hiddenJun 12, 2016 14:56:24 IST
By Siddarth Bharwani
Market consolidation and tightening in funds is leading to companies in the startup segment deferring their placements for substantial periods. There have been instances where startups have faced the ire of educational institutions on behalf of the students many of whom will begin their careers with the campus placement. Hence, it is very important for students to carefully consider various parameters before joining a startup.
Here are a few questions students should ask for utmost clarity to ensure they’re not signing up for a raw deal:
What’s the product idea? Joining a company with a completely new idea can be risky. Many startups have failed just because they intended to deliver a product or service which had no market demand. You need to ask yourself whether the product really has the potential to go beyond fancy presentations and sell. For this, you may consider looking at its competitors and substitutes as well.
How about a background check? There is nothing inappropriate to ask where the funding is coming from in order to take a peek into how well the company will be able to sustain itself. If the company is funded by venture capitalist, you will be able to know who the investors are. A background check on websites like Glassdoor and Payscale will also help you understand the internal issues faced by employees as well as the maximum pay that you can expect over a period of time.
Do I fit in? There are a lot of startups which have been cloned from the Western business models. Play, parties, perks and promotions to sum it all. New age startups prefer to hire young people who may or may not have experience. While millennials have their own style of working, would you be able to catch up or would it lead to a clash is something you need to ask.
People v/s profits? Getting to know who the founders are and what their visions are helps as many a time companies close down because the founders parted ways with different opinions. While some founders value the man behind the machine others treat the man like a machine! Startups have a close knit team and long working hours too. While profits are important to breakeven for a startup, people are equally important to make as well as sustain profits. So working with a startup and finishing heaps of work but having the flexibility to do it in your comfort zone on a bean bag or at home surely helps.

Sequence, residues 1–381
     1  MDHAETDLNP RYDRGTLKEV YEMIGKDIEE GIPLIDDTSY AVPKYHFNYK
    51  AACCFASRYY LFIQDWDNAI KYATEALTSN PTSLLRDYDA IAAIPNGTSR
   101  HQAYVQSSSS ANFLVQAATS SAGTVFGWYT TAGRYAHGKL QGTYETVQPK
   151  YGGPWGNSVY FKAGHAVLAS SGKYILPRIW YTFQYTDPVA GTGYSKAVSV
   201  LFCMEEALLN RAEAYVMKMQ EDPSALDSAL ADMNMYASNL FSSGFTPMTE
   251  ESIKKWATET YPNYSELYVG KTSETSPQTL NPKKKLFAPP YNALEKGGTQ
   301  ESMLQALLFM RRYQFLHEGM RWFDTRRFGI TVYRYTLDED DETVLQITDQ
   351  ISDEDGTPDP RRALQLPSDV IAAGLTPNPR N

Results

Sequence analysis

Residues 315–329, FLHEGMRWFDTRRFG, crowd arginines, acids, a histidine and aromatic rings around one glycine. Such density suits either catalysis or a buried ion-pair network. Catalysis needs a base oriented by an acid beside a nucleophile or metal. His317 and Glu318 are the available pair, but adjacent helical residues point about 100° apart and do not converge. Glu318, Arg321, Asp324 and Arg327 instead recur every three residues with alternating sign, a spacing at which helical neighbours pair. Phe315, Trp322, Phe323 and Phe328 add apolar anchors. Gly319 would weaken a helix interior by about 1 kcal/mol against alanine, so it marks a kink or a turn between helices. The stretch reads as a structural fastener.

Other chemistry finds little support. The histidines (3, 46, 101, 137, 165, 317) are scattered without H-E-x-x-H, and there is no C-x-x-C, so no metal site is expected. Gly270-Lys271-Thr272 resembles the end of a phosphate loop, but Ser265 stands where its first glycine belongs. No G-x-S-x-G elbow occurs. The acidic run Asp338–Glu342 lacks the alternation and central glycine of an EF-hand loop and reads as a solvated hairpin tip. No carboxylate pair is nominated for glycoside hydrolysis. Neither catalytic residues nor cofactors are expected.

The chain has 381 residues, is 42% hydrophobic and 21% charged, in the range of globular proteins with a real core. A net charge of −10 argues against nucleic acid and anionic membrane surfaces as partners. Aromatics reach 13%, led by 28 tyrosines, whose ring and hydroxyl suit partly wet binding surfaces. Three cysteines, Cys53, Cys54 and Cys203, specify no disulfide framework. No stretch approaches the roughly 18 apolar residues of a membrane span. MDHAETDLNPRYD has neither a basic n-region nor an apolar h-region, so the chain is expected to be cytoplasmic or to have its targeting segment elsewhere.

Where do you see yourself in the next five years? Just as an organisation’s vision is important to fulfill organisational goals, your vision on where you see yourself in the future is important to fulfill your personal goals. So ask yourself if working with a startup is going to help you to achieve your financial goals, help you grow in the industry, give you job satisfaction and most importantly give you a “nowhere else found learning experience”.
While the industry is changing rapidly, doing a SWOT analysis (strengths, weaknesses, opportunities, threats) with the aid of these questions will surely help you make the right decision.
Keeping a job isn’t hard, landing one is.Campus placements too can be challenging. Your college may get top organisations for campus placements. However, at the end of the day, top organisations may end up picking just the toppers. This leaves you worried that organisations outside may also misjudge you that if you haven’t been placed by organisations on campus then why would they hire you? You may then choose to just take up a support job rather than being unemployed. But a job is not always a matter of chance. You can actively decide where you want to be and make it happen. Here’s how:
Look for an internship: You can look for an internship paid or unpaid in the area of your liking. This not only gets you a professional experience but you progress and perform you stand a chance of becoming a permanent employee there.
Earn additional certifications: So if you want your CV to be noticed and picked up amongst the thousands available online, you need to acquire relevant certifications in your field. For example, you could take up a certification in ethical hacking in order to get a job as a security analyst or a course in network analyst.
Job fairs and walk-ins: Job fairs can be an eye-opener because it helps you explore the various jobs and employers who can apply too. Walk-ins also help you to connect with different people. What if the job wasn’t right for you? Just going for the walk-in may redirect you to the right person or even the right job. So it counts to be patient. However, doing the right thing while you’re patient is also what matters. Peer pressure may want you to take a job just for the sake of being ‘employed’.
Building an online presence: While the market demands for the latest products, even recruiters demand for the latest CVs. In other words, keep it updated. Consistently updating your CV, makes it come in the top CVs which are recently updated leaving you a better chance of receiving a call. Also, choosing credible websites and highlighting your skill set is a must. Because job titles change, skills required don’t. If you don’t have the flair for writing, you can get someone to build a resume for you.
Buddy referrals and networking: You can ask your friends who are already employed to refer your profile for a job at their organisation. If you get selected, you keep the job and they get a referral bonus too. Also, alumni meetings, conferences, workshops or exhibitions can be good places to exchange your coordinates with people who can help you get your foot in the door.
Yes, mistakes may happen. But at the end, it’s all about being able to join the dots and taking control of your life and charting your own path rather than accepting the hand life deals us.
The author is Vice President at Jetking Infotrain Limited.
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